• archer75 - Thursday, September 15, 2011 - link

    You do realize you don't have to use the metro tile UI right? You can boot right in to a traditional desktop like you are used to.
    Plenty of updates here for the desktop user.

    Really this new metro UI just provides a better layer for tablets but the OS is still there which i'm really pumped about. I don't know how often i've been using my ipad and wishing I could access a real OS on it.
    Reply
  • Moricon - Friday, September 16, 2011 - link

    "Overall Windows 8 is extremely jarring right now from a desktop user perspective. Metro is the Windows shell, no ifs ands or butts. Metro applications can only be accessed through the Metro shell (i.e. the Start Screen), and the Metro shell is always what the tablet will boot up into. Explorer as we know it is the Metro shell – if you kill it, you kill Metro shell with it – so at this time it’s not possible to boot up into the traditional Windows desktop. Even if you could, the Start Menu is gone, replaced with Metro charms."

    Metro IS the windows Shell--- METRO IS EXPLORER!!!!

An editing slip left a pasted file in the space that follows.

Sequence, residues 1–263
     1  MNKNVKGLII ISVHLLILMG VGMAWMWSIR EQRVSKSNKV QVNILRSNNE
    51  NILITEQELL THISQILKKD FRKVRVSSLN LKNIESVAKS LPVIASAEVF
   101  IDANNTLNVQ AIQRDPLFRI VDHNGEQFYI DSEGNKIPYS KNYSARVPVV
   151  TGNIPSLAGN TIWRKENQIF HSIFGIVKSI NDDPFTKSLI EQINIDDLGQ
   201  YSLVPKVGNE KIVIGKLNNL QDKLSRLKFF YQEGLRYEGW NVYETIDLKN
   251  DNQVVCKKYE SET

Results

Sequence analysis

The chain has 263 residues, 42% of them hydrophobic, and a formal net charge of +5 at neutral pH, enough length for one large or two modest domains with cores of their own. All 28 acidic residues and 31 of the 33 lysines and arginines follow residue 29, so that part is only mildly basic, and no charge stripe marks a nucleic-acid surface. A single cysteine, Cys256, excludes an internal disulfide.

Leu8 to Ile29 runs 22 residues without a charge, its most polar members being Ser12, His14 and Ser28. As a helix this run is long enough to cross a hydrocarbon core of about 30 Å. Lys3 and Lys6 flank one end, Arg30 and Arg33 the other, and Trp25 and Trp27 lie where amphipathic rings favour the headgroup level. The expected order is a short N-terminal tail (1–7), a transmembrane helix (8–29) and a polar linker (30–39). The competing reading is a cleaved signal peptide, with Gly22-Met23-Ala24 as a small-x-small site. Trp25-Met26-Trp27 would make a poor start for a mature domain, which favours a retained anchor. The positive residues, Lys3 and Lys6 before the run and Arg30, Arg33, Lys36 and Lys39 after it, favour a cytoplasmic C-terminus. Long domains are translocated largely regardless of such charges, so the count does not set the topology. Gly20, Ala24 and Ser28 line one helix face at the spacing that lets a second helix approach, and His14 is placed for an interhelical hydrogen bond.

Have you loaded the build, I have, played with it. IT SUCKS bigtime!

    Microsoft will go back on this, the pressure will be to great from the desktop user!

    There are improvements, better memory management, faster boot process, safer recovery options, faster work-flow (yes ribbon is actually better for non-power users, who use keyboard shortcuts.)

    Why can they not just bring those improvements to th Win desktop version and leave metro to Tablets, Netbooks and ARM anyway.

    My days of PC Gaming are coming to a close, most Games are crap! Looks seriously like Mint will become my main Work OS and I will keep a copy of WIN7 for my back catalog of games!
    Reply
  • MrBungle123 - Friday, September 16, 2011 - link

    How is this Metro crap going to work for those of us that make a living with a mouse and keyboard?

    I work in IT, I have to do everything from assisting users to writing programs. Its not uncommon for me to have Visual Studio, Outlook, IE, 2 databases, and 5 or 6 Remote Desktop connections going on at the same time.

    There is no way in hell I'm putting this garbage on my work computer, nor am i going to install it on any of the desktops/servers connected to my network. This is a user training nightmare, the resistance to migrating to Vista from XP is nothing compared to what the resistance of migrating from Win7 to Win8 will be if the final product is anything like this.
    Reply
  • talk2dfox - Friday, September 16, 2011 - link

    Does anyone else think Windows 8 seems to have no coherent strategy?